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Life-long learning, curiosity, and what we’re reading

Rosie Clifford
Wednesday, 3 June 2020 ( #977 )
In a recent Kitchen Table Mingle blog on virtual meetings, my colleague Melissa asked "Does anyone else find themselves checking out the books in other people's shelves during meetings?" My answer Melissa: every chance I get! Similarly, in the days before Spotify, when people actually collected music albums, I used to spend a large portion of time at friends' houses browsing their CD collections, as if this process would somehow reveal a rare insight into the collector's soul. I think learning about the random mix of books, podcasts or blogs that spark someone's interest at any given time offers a similar pleasure. So, I asked a couple of my colleagues about what they have been consuming lately: Ann: I have been subscribed to Monday Note for many years. The editor, Frederic Filloux, always shares interesting topics and ideas from the publishing world, social media platforms and technology. I also read a lot in The Conversation. They publish news stories written by scientists and academics. They explain all sides of a news story and give in-depth information. Their writers are volunteers and the publication relies on donations. They have multiple regional versions. I have subscribed to the Australian version as well as the French version, just for the fun of reading out loud in French (one of my hobbies ;-) There is one podcast I am almost addicted to - "The Thread". This podcast focuses on events in history, finding threads that interlink them, sometimes through many decades. The host, Sean Braswell, tells a good story and I love listening to his voice. My favourite series here is the one that somehow links the murder of John Lennon back through history - all the way to Vladimir Lenin's revolution in the early 20th century. I like reading. Good, flowing stories help me escape the challenges of daily life and find rest. I either digest easy-to-read French novels from the "Le Livre de Poche" series, currently going through a couple of Marc Levy books, or novels by Australian authors. I have just finished reading the "The Rosie Project" trilogy by Graeme Simsion as well as "Boy Swallows Universe" by Trent Dalton. Melissa: My reading list can best be described as eclectic: neither am I a big online reader, having just a few favourites that have been landing in my inbox for years and collecting on the left-hand side of my laptop screen: fastcompany.com, which discusses an eclectic mix of technology, leadership and design, and brainpickings.org, which describes itself as a weekly digest of articles on art, science, philosophy and creativity. For book recommendations and free previews of new authors, I have started following The Pigeonhole, thepigeonhole.com, "the book club in your pocket". For Blogs with great lists to other blogs and books, etc., I follow, Local is Lovely and Ill Seen, Ill Said. One of the most exciting things I have discovered over the last couple of month isn't a book, but are the amazing virtual tours you can go on and, to keep this blog on theme, JK Rowling's new children's book, which she has released free online. A great podcast I can't recommend enough is Richard Fidler's Conversations, a fascinating line-up of interesting people doing interesting things. And just to add my recent favourites into the mix: I have discovered a couple of sources that collate a whole lot of non-fiction authors from various fields (philosophy, business, psychology, marketing) and provide overviews that breakdown the core arguments from these authors and ponder what value these arguments might add to our day-to-day lives. The Farnam Street (FS) blog contains fascinating insights on a range of topics from mental models to decision making. The What you will learn podcast shares the main take-home lesson from the best (non-fiction) books the two podcasters have been reading. I am drawn to these two sources as they constantly spark my curiosity. I love falling down a virtual rabbit hole with an interesting concept or topic. I search for an article or podcast to quench this curiosity, which, in turn, raises more questions and takes me down another stream of content (leading further and further down the rabbit hole). This quirky stop animation from self-taught animator Georgina Venning, winner of the The RSA Student Design Awards, I think perfectly captures this process:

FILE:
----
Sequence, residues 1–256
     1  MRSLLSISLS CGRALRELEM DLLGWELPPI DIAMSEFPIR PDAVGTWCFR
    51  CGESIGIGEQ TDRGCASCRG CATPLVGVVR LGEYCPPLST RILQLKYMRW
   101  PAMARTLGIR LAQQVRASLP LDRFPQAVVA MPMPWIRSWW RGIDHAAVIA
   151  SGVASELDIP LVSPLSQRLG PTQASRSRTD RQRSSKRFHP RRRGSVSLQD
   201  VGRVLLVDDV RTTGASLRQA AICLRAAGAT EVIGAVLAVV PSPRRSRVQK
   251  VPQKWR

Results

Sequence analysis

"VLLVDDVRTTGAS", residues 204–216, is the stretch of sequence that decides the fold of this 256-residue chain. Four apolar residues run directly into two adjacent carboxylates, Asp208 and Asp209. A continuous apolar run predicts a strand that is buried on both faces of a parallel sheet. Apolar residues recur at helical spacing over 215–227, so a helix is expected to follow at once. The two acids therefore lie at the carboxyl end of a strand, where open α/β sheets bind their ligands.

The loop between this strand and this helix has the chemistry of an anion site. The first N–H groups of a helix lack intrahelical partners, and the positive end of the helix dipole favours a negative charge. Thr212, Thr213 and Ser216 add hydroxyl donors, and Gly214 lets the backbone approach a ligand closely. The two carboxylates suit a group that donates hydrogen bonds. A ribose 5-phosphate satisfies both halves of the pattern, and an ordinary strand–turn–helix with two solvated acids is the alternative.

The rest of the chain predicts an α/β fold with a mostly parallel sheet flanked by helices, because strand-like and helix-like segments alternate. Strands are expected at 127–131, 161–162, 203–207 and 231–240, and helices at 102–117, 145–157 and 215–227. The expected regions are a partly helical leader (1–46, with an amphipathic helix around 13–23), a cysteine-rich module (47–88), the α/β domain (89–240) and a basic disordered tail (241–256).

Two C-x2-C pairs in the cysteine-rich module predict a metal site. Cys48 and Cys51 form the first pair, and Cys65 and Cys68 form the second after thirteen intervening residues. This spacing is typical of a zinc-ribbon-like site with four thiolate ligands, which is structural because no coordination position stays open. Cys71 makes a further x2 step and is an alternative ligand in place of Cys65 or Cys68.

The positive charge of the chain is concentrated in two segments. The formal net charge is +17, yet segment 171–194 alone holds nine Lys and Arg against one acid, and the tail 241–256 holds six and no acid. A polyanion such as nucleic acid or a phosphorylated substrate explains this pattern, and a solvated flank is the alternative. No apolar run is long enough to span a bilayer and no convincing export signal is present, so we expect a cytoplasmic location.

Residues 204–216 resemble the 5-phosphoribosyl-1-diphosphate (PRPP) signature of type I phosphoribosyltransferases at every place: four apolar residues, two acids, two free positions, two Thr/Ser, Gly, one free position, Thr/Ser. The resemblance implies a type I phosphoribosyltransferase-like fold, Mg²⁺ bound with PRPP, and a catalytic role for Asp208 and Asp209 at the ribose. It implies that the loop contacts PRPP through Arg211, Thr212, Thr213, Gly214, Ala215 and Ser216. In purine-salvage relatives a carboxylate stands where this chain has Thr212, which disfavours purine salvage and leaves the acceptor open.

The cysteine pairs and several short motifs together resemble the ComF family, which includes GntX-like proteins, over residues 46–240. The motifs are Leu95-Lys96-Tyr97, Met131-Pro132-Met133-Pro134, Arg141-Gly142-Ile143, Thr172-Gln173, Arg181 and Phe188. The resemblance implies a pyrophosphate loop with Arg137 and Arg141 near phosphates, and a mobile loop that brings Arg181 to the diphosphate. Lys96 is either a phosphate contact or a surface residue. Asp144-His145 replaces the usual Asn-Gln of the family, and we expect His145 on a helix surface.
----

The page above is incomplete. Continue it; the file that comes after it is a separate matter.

And just for fun - I recently bought a beautiful hard-cover book about the art of my boy's favourite author/illustrators and I have finally started reading a Stephen King novel after reading his exceptional part memoir/part writing manual, On Writing, years ago (a fantastic read for anyone, not just for writers). To circle back to the start of this blog, I wonder, if perhaps finding out about what people read (or watch, or listen to) is interesting because it illustrates life-long learning in motion, a continuous attempt to know more, driven by our intrinsically curious natures. What has been sparking your curiosity at the moment? We'd love to hear about what you have been reading, listening to or watching. Join the forum thread or drop us a line.